Hip-hop artist Tech N9ne plans to unleash Armageddon during his coast-to-coast Hostile Takeover 2012 Tour. The Kansas City, Mo., rapper and Strange Music co-founder tours on the heels of his recent six-song EP, "Klusterf**." In a mere four days, Tech N9ne, together with Miami-based hip-hop group Mayday, wrote, recorded and digitally released the abridged album, which debuted at No. 1 on Billboard's indie charts.

Hip-hop artist Tech N9ne plans to unleash Armageddon during his coast-to-coast Hostile Takeover 2012 Tour.

The Kansas City, Mo., rapper and Strange Music co-founder tours on the heels of his recent six-song EP, "Klusterf**."

In a mere four days, Tech N9ne, together with Miami-based hip-hop group Mayday, wrote, recorded and digitally released the abridged album, which debuted at No. 1 on Billboard's indie charts.

"It's just me going on impulse," says Tech N9ne during a telephone interview. "I was expecting my fans to shun it because it's not bass-driven like the rest of my music. It's live instrumentation."

Tech N9ne, along with Strange Music artists Machine Gun Kelly, Krizz Kaliko, Mayday, Prozak and Stevie Stone, will perform at 8 p.m. Monday, April 30, at the Historic Ashland Armory, 208 Oak St.

Off stage, Tech N9ne is Aaron Yates. He adopted his semi-automatic alias in 1988, at the suggestion of veteran rapper Black Walt.

" 'Tech' is short for technique, nine is the number of completion. The complete technique of rhyme, Tech N9ne, that's me," he says.

As a youth, Tech N9ne admits he was afraid of crowds, performers with their "painted-on smiles" and the mythical Kansas City killer clown. Like Batman, he embraced what he feared and began wearing tribal war paint during concerts.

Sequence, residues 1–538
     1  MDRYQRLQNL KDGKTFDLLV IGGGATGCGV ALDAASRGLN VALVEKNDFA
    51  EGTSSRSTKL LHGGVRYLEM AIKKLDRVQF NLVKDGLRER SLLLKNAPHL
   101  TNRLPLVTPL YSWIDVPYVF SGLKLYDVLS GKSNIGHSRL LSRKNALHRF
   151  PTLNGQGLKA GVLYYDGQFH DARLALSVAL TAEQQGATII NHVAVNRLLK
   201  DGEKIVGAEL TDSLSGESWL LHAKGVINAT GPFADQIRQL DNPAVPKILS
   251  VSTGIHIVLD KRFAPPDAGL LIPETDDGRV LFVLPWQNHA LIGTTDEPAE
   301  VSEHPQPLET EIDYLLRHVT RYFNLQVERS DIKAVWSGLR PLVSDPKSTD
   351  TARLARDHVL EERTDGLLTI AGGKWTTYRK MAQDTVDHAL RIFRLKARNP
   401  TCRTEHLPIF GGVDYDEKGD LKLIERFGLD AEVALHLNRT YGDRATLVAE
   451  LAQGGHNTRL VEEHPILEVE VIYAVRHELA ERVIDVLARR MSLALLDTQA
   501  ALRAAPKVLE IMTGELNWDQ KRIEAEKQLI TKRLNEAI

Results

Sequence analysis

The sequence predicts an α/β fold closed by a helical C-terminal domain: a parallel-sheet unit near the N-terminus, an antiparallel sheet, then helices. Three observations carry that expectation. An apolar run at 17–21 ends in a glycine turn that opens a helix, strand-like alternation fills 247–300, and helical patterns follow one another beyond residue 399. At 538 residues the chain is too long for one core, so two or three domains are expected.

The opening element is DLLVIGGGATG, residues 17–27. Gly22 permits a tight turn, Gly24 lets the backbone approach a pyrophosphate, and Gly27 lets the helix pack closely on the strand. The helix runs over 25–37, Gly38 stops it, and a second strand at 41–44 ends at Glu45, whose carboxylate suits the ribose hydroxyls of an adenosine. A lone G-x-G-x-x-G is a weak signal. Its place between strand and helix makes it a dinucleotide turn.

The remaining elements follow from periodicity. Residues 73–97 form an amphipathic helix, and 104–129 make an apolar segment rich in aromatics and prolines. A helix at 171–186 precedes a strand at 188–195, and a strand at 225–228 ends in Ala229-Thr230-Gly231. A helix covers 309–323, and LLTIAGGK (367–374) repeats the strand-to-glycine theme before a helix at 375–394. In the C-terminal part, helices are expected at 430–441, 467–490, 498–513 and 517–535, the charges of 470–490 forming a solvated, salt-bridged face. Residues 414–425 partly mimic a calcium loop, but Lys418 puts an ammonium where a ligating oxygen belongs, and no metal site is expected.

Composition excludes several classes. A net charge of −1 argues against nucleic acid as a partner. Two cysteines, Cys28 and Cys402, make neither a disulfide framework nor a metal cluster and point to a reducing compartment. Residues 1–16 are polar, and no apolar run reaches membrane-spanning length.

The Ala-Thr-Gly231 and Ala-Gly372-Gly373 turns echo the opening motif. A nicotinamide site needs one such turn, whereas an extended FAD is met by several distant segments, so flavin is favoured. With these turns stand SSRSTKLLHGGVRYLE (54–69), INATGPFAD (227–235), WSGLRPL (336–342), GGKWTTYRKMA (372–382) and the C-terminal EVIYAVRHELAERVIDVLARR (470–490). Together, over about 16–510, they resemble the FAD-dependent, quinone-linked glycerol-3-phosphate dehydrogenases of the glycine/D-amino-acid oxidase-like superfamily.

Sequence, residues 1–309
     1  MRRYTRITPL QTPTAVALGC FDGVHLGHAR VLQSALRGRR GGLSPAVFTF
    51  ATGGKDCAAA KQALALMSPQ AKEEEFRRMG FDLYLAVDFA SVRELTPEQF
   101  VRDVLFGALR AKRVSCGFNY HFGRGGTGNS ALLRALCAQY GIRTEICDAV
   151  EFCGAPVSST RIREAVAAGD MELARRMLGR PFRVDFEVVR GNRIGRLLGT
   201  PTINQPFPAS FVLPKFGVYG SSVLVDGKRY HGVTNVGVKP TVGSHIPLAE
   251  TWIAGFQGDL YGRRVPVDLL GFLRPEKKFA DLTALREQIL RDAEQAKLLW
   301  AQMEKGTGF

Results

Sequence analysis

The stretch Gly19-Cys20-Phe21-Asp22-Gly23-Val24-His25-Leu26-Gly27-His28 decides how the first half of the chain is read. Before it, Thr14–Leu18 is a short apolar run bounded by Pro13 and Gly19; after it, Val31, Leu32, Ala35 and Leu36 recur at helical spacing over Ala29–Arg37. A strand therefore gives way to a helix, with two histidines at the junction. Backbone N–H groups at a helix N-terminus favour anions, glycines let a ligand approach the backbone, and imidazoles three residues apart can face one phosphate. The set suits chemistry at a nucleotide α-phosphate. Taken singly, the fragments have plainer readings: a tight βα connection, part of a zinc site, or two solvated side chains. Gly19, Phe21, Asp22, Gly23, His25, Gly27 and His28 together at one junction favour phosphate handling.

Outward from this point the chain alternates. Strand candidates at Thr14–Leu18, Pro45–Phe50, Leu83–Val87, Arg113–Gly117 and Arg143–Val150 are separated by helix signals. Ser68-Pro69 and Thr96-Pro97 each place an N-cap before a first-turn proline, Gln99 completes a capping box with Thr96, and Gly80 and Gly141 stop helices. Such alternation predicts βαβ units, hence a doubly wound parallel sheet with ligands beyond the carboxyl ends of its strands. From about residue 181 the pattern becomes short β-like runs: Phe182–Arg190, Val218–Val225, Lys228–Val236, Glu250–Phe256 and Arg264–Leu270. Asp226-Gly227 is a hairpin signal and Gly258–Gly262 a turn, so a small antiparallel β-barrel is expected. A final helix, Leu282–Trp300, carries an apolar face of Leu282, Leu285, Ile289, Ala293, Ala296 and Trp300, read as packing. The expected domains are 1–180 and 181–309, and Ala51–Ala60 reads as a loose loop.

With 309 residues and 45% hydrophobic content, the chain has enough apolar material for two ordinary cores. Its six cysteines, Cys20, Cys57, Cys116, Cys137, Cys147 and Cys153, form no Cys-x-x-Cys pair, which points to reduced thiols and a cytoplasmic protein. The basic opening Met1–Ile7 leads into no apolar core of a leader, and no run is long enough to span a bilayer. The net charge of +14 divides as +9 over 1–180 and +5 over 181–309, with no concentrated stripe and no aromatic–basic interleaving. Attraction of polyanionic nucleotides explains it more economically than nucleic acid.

"When I get that mask on me, it's like something comes out of me that wouldn't really come out of me, that wouldn't come out of everyday, humble Tech N9ne," he says.

Behind his ferocious mask and alter ego, he delivers his obscene, profane and sometimes violent raps unabashed.

Until recent years, Tech N9ne's rhymes were deemed too gangster for TV or radio.

"I've always had roadblocks, but ... real music always shines," he says. "I had no doubt in my mind that the mainstream would go tech one day.

"As Quincy Jones said, 'Rap what you know, and people will forever feel you.'... He made me a vampire. I've seen rappers rise and fall, and I'm still on the incline."

In 2011, Tech N9ne released "All 6's and 7's," featuring guest artists B.o.B, Snoop Dogg, Lil Wayne, T-Pain and others. The album debuted at No. 4 on Billboard 200 after nearly 56,000 copies were sold the first week. Later in the year, he appeared on Lil Wayne's chart-topping album, "Tha Carter IV."

His second 2011 album, "Welcome to Strangeland," featuring a Strange Music lineup of guest artists, debuted at No. 21 on Billboard 200.

Copies of "Klusteroff," as Tech N9ne politely called the album during the interview, are available on iTunes and www.therealtechn9ne.com. All six songs also were included on Mayday's debut, "Take Me to Your Leader," which hit stores March 26.

Tickets cost $27 or $30 at the door (plus fees). Advance tickets are available at www.ticketweb.com or www.ticketswest.com, Music Coop in Ashland, Bad Ass Coffee and 619 Clothing in Medford and Listen Here in Grants Pass.

"I'm 40 years old, but sometimes I feel like I'm 19 up there," he says. "My fans keep me motivated to keep going because they keep coming. ... The older I get, the younger they get."